How long are you going to live?

As of the 23rd May 2022 this website is archived and will receive no further updates.

was produced by the Winton programme for the public understanding of risk based in the Statistical Laboratory in the University of Cambridge. The aim was to help improve the way that uncertainty and risk are discussed in society, and show how probability and statistics can be both useful and entertaining.

Many of the animations were produced using Flash and will no longer work.

red manNone of us are going to last for ever. Our prospects depend on our sex, our age, our lifestyle, our genes, and many other personal factors both known and unknown. Even with all this information we're all uncertain about the exact date of our death, but by looking at large groups of people who are like us, we can count how many die each year and so get an idea of the risks we face and how long we might live. Our risks can be summarised in different ways which are shown in the animation below.

You need to install the Adobe Flash Player to see the animation.

Each line represents a person's life - the line stops growing when they die. Try Sort by Age, and Hide the Living: the pattern you get is called a survival curve.

The dark bit of the line shows the hazard at the time they died - go on to the animation below to see what 'hazard' means and how it has changed over the last 25 years.


This is the fraction of people who do not reach their next birthday: for example a male aged 60 has a 1% chance of not making his next birthday, while an 85-year old has an 11% chance of not making 86. It is traditionally known by the wonderful expression, the Force of mortality.

If applied to individuals, the hazard curve shows the annual risk of death, given you have survived up to now. Hazard curves typically have a 'bath-tub' shape - there is an early high-risk period immediately following birth, followed by long low period of annual risk, until accidents start kicking in for 17-year-old-boys , and then steadily increases.

You need to install the Adobe Flash Player to see the animation.

If you move the slider you can see how the hazard has changed over the last 25 years: the number of babies that die in their first year has halved, and the hazard for people in the 60's and 70's has dropped a lot. But people in their 90's don't seem to have benefited from all the improvements in lifestyle and healthcare.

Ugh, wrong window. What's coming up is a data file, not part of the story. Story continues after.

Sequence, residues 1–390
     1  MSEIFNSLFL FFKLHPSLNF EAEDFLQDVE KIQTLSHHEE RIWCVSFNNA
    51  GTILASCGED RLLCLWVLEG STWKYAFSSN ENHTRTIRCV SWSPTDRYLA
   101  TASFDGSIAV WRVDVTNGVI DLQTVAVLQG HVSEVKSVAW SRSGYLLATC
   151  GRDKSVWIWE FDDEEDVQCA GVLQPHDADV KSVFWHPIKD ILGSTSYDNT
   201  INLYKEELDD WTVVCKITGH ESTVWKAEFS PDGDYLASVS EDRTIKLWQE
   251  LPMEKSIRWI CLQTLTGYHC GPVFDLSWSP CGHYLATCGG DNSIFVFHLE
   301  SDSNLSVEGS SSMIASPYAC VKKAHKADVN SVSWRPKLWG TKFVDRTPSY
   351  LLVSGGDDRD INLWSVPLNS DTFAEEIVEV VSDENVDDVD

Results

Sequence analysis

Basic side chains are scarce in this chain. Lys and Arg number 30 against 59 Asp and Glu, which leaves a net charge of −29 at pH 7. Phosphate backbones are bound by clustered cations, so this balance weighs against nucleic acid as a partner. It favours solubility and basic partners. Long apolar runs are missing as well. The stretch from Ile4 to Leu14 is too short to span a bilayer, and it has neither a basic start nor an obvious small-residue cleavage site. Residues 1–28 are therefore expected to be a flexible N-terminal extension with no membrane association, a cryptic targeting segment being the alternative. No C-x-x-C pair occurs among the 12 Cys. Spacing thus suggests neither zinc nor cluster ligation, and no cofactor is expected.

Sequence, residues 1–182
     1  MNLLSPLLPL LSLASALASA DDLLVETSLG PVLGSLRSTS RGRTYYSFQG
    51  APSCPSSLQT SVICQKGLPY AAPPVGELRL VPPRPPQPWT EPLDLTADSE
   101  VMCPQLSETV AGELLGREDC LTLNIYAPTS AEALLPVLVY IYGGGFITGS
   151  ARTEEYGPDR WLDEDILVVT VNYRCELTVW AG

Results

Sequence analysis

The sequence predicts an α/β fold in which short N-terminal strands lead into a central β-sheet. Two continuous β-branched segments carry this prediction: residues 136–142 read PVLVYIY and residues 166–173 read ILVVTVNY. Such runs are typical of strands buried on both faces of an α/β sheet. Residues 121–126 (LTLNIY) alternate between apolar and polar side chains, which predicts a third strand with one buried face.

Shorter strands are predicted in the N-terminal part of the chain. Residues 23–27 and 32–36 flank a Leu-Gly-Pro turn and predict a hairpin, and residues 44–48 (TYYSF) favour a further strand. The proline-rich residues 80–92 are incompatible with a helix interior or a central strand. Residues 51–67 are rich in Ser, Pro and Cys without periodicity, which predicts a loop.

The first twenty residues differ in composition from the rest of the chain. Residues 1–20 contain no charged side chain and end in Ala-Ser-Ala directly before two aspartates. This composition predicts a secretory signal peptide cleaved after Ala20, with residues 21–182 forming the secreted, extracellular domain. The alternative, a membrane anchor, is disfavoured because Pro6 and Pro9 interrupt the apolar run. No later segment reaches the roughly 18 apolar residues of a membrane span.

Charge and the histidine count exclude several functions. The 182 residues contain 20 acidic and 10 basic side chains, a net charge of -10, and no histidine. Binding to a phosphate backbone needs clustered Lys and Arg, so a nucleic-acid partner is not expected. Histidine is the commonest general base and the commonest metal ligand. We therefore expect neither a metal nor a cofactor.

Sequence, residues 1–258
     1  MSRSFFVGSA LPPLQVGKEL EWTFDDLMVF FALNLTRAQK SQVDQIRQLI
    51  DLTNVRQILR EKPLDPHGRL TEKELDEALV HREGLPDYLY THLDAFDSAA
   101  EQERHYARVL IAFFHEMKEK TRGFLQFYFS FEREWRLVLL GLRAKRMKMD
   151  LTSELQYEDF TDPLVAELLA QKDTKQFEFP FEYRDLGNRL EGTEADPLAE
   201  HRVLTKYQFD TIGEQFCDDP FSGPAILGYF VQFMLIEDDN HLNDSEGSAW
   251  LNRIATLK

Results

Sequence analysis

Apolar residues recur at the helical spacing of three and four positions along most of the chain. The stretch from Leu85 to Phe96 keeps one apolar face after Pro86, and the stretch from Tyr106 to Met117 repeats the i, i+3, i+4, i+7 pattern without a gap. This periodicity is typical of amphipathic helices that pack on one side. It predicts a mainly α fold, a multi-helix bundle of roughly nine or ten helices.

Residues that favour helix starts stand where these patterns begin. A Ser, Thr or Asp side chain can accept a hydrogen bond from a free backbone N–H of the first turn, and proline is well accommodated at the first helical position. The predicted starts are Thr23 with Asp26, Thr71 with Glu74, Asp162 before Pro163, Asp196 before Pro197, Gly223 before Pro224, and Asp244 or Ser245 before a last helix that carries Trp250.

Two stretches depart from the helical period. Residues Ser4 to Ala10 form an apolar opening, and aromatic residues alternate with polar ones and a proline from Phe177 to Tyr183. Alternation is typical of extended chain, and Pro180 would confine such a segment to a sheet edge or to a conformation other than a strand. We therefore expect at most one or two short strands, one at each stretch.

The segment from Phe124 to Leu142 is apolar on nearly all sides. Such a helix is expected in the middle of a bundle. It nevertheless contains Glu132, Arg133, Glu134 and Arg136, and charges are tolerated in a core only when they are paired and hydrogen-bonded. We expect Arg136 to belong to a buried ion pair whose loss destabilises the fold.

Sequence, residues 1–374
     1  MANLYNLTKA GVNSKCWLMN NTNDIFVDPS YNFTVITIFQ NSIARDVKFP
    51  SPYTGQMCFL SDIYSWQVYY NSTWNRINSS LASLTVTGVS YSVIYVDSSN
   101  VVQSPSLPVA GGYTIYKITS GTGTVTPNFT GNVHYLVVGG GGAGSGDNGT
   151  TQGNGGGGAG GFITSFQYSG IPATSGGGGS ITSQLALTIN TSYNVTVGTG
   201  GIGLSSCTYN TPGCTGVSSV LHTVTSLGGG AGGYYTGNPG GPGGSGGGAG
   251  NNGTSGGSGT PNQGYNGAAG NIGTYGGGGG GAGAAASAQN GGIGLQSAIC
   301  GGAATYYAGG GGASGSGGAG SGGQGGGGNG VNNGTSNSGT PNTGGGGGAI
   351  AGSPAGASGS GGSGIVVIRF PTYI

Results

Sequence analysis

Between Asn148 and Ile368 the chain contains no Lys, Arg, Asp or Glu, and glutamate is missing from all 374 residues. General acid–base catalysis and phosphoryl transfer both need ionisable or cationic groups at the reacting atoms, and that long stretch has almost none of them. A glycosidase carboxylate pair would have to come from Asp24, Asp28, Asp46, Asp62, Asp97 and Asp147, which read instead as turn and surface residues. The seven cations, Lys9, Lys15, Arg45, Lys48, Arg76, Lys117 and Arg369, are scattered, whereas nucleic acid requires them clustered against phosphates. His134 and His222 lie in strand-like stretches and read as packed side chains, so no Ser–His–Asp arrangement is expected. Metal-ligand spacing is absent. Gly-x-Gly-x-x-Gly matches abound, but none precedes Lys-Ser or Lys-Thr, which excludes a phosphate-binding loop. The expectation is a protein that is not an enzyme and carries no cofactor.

Survival curves

Starting from your current age, say 40, these show the % of people of each sex who will reach each successive birthday, assuming the average risks currently faced in the UK. This curve steadily declines until all are dead. If you are willing to ignore all your personal information and simply consider yourself as 'average', then this assesses your chance of being alive at each year in the future.

You need to install the Adobe Flash Player to see the animation.

Put in your own age and sex and see what your life expectancy is, that is the average age at which people your age will die (assuming nothing changes in the future).

Relative risk

The graphs are based on data from the UK life-tables from 1982 to 2006ukilt-1982-2006, presented both as hazard and survival curves, as well as the recent results from the Norfolk EPIC study by Khaw and colleagueskhaw:2008. Click on Full Screen to get the full benefit.

You need to install the Adobe Flash Player to see the animation.

Force of Mortality shows how the hazard and survival curves can be got from looking at the ages at which people die.



'None of us are going to last for ever.' Interestingly, given we can not say with certainty that we will not live forever, our objective expectation of life expectancy is infinity. However, i do not know anyone without a subjective belief that they will die substantially before this. If you want to base your life expectancy objectively on historic data, then my expectation is that you will be 'precisely wrong'. Whilst most would suggest the answer you get is precisely too low, forecasting parameter shifts is highly subjective, but the best we can do. Lets have a bit of humility are remember forecasting is a bit of art and a bit of science.

Bear with me on this, but in theory, it's possible that people alive today will be able to live to reach the age of 1,000 years. Advances in technology mean that interchangeable body parts and 'grow your own' organs might be common place in the next 50, 60, 80 years. It's a scary thought that if one part of your body grows old and stops functioning as it should, then it can be replaced with relative ease. I'm by no means an expert, I'm not even a doctor (I work in environmental consultancy) but have spent time looking into the subject as it interests me greatly.

Why on Earth would anybody want to live to a great age? We all decline so rapidly after about 80. It isn't so much that we're living longer; it's that we are being subjected to a longer, lingering death.

Because it is precisely the goal of all aging research to extend the healthy lifespan or "health-span" of individuals. Nobody wants to simply prolong life support or lingering frail existence. The idea behind all efforts at curing the diseases of old age is just that to cure or reverse ALL the breakdown and problems that plague us as we age & comprise that gradual decline. Living to 100 or 150 while still mentally & physically as capable as a 30 year old would be a desirable thing in my estimation, though certainly societal changes would need to be considered I would prefer tackling those problems to death or senility.